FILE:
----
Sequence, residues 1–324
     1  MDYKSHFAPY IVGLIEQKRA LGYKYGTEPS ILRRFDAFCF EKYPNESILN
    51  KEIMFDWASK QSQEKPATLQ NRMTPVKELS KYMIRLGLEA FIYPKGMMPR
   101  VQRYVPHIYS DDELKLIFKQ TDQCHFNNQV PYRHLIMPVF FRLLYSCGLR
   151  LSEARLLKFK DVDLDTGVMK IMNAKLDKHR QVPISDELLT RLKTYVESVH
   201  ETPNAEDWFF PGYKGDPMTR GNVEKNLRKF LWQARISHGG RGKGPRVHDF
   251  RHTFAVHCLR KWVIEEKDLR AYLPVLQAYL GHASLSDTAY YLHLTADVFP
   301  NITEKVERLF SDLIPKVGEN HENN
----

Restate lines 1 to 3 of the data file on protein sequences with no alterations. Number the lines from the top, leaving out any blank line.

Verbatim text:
Sequence, residues 1–324
     1  MDYKSHFAPY IVGLIEQKRA LGYKYGTEPS ILRRFDAFCF EKYPNESILN
    51  KEIMFDWASK QSQEKPATLQ NRMTPVKELS KYMIRLGLEA FIYPKGMMPR